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The culture wars are heating up again. Such, I suppose, ought not to surprise me. Evangelical professor of sociology James Davidson Hunter published his book Culture Wars in 1992. Therein he argued that the real dividing line in modern culture was not between right wing and left wing, not between Christians and non-Christians, but between the orthodox and the progressives. The orthodox, he argued, were all those who affirmed some sort of transcendent source of truth and morality. The progressives denied the transcendent. The orthodox included then not only evangelical Christians, but conservative Roman Catholics, orthodox Jews, fundamentalist Muslims, and even old-school Mormons. The latter, by contrast, included liberal Protestants, nominal Roman Catholics, unobservant Jews, non-strict Muslims, and doubting Mormons. Our “allies” in the culture war together affirmed that there was a God and that this God has revealed Himself and His will for men. What they disagreed about was who this God is and what He has told us.

Hunter’s work begat more books on the same theme. Michael Horton published Beyond Culture Wars. Peter Kreeft wrote Ecumenical Jihad. Hunter penned a sequel, Before the Shooting Starts. Even David Wells’ trenchant series of theological books, beginning with No Place for Truth, carried a heavy sociological tinge to them. But then, for some reason, the culture wars seemed to die down. Perhaps it was the shock of September 11 that directed our focus elsewhere. That the same kind of rhetoric is rising again, however, at least suggests a different explanation. Could it be that we beat our cultural plows into swords when a Democrat occupies the White House and beat our swords into plows when a Republican holds court?

The culture wars, rightly understood, are ultimately only one manifestation of the broader war first declared in Genesis 3. There God promised the serpent that He would put enmity between him and the woman, between his seed and her seed. He promised in the end that the serpent would bruise the heel of the seed of the woman but also that his head would be crushed. As we remember this reality, and that this war will not be fully finished until Jesus returns, we remember to live our lives in light of this war. We prepare ourselves for battle, and we seek the wisdom to discern who our enemies and friends are, as well as where the battle lines have been drawn.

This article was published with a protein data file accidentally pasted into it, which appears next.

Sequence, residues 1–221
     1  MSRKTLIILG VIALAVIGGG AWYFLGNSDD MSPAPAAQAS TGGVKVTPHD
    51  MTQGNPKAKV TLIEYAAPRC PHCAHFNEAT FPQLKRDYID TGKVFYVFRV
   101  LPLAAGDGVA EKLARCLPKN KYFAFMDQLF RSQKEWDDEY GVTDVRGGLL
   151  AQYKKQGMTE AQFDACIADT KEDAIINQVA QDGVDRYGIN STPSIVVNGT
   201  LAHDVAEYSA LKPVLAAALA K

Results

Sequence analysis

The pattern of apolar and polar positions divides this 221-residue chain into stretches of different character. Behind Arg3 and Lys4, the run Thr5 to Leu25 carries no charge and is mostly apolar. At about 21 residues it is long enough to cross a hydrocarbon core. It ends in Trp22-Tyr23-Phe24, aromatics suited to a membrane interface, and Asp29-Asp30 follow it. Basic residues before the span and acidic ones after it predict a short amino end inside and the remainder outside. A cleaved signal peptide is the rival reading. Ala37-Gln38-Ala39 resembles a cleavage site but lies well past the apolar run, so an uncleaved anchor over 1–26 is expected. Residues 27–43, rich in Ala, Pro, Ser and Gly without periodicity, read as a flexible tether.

It is not difficult, for instance, to discern the Devil’s hoof prints all over naturalistic Darwinism. That this is folly is easy enough to discern. Those, on the other hand, who stand ready to affirm the historicity and the inerrancy of the Genesis account of creation are our friends and co-belligerents. Where though, do we place that movement known as Intelligent Design? Are these scholars and scientists friend or foe?

Advocates of Intelligent Design have a great deal going for them. First, they rightly reject the obvious folly of Darwinism. In an age where the acceptance of Darwinian dogma is virtually a loyalty test for acceptance into the academic realm, these men have stood firm and faithful. They have been wounded grievously by our enemies. Second, these good men have made strong, even compelling cases for the necessity of design in the creation of the universe. They are, in a manner of speaking, not only thinking God’s thoughts after Him, but are teaching others to do the same. And third, they have, happily, embarrassed our enemies. Darwinists come off rightly as half-armed when battling wits with ID advocates.

For those of us glass-half-empty people, however, there remain important questions. It is well and good to reject Darwinism. However, this is not at all the same thing as championing the truthfulness of the Word of God. Do we long for the day when the world affirms that there is a maker of heaven and earth or do we long for the day when the world confesses that Jesus Christ, by whom all things were made, is Lord of heaven and earth? Are we, when we seek to answer the question of origins without appealing to the revelation of the Originator, answering a fool according to his folly, as we ought (Prov. 26:5), or are we answering a fool according to his folly as we ought not (v. 4)?

In the end, Christian advocates of Intelligent Design at least have this right — that the God who made the world reveals Himself in and through the world. We need never fear learning from the creation. It, after all, declares His glory day after day. On the other hand, it is not merely the general revelation of God where we must stand, but on the Word of God. There is the solid ground. There is safety and security. We need not seek to curry favor with those who would gainsay the Word of God. We need instead to call them to repentance.

Our allies in the great war are all those for whom our Commander has died. That includes, of course, not just Christians committed to the biblical account of creation. It also includes those committed to Intelligent Design. It even includes those who trust in the finished work of Christ alone, while affirming theistic evolution. All of us, wherever we are on this spectrum, however, need to strive daily to be more faithful to His Word, to be set apart and distinct from the world around us. And all of us are called to love one another along the way.


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Nov 2009 Issue